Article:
Energy, like so many other industries, has experienced a downturn during the pandemic. A report by the International Energy Agency shows energy demand dropping 5% in 2020, the largest decrease since World War II. Renewable energy, though, grew almost 7% despite the pandemic.
Even more growth is expected in 2021, not only because sustainability projects disrupted by the pandemic will be completed, but also because companies are making an ever-increasing effort to be more environmentally friendly. Many companies find themselves in a position where they need to rethink their supply chain in the wake of the pandemic, and they are using that as an opportunity to see where they can work in more sustainable practices.
Using technology to reduce carbon footprints
For many organizations, the changes in the supply chain forced upon them by the pandemic have almost inadvertently reduced their carbon footprint. Making processes more efficient for fewer workers to allow for social distancing ended up being good not only for the bottom line, but also the environment.
Other companies took a more direct approach, though. By utilizing supply chain maps or digital twin technology, companies could identify opportunities to reduce waste, cut down on carbon emissions, and figure out where operations could be conducted closer to home. In many cases, organizations cut down on transportation costs by shipping fewer parts around the world or manufacturing products closer to where they were being bought. For ever-more-environmentally conscious customers, these decisions could end up being as profitable for companies as they are good for the planet.
While transportation companies are taking steps to make sure they are as sustainable as possible, with a focus on fuel efficiency in particular, cutting down on transportation is a step that can have the biggest impact for many organizations. For some organizations, cutting all transportation out of the supply chain equation isn’t a feasible solution, but they can make sure they are being as efficient as possible.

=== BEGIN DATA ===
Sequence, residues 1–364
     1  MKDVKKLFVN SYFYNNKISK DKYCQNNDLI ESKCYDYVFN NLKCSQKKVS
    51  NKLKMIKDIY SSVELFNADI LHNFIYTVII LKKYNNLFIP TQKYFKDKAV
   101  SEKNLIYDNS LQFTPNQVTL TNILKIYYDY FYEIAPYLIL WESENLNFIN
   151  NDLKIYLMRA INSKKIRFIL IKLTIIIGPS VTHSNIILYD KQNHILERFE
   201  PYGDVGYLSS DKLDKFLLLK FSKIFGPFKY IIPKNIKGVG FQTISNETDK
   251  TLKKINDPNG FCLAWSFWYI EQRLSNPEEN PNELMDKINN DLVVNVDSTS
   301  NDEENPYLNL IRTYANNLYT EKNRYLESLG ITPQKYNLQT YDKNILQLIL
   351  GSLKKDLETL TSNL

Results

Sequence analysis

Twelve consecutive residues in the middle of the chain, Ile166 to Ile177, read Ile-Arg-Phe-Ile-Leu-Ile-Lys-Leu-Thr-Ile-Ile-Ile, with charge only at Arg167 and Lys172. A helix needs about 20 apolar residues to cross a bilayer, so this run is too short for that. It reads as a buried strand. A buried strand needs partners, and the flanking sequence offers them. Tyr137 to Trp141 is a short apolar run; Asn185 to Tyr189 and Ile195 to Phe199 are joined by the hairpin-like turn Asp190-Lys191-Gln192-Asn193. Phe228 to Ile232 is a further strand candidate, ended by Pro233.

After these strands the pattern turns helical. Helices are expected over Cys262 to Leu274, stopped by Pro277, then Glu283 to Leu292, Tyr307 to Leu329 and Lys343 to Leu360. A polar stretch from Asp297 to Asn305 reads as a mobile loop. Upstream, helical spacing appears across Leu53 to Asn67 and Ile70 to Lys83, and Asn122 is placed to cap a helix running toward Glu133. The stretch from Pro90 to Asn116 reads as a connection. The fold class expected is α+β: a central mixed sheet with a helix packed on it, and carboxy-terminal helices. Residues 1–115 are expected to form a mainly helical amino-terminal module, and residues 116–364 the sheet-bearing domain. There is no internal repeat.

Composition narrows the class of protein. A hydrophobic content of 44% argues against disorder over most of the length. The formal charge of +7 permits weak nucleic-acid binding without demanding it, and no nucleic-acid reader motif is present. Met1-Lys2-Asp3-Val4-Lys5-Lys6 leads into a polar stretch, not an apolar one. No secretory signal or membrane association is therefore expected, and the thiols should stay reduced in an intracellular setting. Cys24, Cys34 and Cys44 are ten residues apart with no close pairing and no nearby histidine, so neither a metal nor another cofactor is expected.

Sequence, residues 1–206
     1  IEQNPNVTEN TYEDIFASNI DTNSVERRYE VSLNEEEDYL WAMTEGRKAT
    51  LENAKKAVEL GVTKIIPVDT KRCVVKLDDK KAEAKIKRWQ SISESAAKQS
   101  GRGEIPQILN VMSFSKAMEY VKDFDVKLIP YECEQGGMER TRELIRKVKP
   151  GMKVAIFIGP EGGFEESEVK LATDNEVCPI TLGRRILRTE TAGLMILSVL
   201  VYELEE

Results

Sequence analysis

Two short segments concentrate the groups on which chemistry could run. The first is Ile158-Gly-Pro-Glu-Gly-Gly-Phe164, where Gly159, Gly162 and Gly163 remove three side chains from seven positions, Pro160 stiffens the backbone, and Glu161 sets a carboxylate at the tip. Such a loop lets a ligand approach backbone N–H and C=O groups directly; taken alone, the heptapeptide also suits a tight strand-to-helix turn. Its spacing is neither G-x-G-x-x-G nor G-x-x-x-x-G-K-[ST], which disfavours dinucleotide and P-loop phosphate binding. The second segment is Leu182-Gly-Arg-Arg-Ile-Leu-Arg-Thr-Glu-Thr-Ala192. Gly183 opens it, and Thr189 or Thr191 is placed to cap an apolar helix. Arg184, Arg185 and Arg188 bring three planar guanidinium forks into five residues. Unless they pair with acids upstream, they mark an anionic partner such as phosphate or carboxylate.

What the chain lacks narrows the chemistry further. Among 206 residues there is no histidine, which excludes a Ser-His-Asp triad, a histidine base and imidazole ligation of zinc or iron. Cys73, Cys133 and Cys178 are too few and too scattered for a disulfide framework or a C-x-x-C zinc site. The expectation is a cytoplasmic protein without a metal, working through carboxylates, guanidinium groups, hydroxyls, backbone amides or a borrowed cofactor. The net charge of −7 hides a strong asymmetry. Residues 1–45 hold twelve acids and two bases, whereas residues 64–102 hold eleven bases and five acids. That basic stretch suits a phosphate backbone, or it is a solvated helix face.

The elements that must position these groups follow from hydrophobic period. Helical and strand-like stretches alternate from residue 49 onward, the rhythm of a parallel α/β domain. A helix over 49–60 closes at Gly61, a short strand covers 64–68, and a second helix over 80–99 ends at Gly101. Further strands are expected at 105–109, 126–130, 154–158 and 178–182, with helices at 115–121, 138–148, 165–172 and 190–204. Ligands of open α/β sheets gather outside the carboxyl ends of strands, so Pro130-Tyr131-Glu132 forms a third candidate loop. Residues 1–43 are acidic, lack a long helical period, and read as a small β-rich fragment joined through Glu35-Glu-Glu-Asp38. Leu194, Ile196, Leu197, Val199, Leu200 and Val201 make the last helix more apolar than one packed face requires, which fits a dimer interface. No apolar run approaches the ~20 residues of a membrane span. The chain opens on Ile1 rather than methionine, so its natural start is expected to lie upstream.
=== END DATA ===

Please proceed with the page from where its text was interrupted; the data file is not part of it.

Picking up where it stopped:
Connected order management systems can track products every step along their routes. By having a system in place, as well as increasing the number of times a product is scanned in and out of the warehouse, unnecessary travel, and all the negative impacts associated with it, can be eliminated.
Looking to the future
Sustainability planning happens at every step of the supply chain – including the very beginning of the food supply. Worldwide food production accounts for about 30 percent of total global carbon dioxide emissions, and scientists say changes are needed in order to meet the global warming limits set in the Paris climate agreement. Those could come in the form of everything from changes made in consumers’ diets to policies that come from governments.
In some cases, change requires thinking outside the box. A farm in Massachusetts is looking to buck the trend that solar panels and farmland don’t mix. Often solar panels cover land that could otherwise be used for growing. The unique translucent panels being installed at the Grafton, Massachusetts farm allow for some light to come through for crops beneath the panels that are also absorbing the sun’s energy. For farms around the world looking to make a positive change in carbon emissions, the dual-use solar panels could be a solution for an industry that is in need of creative solutions.
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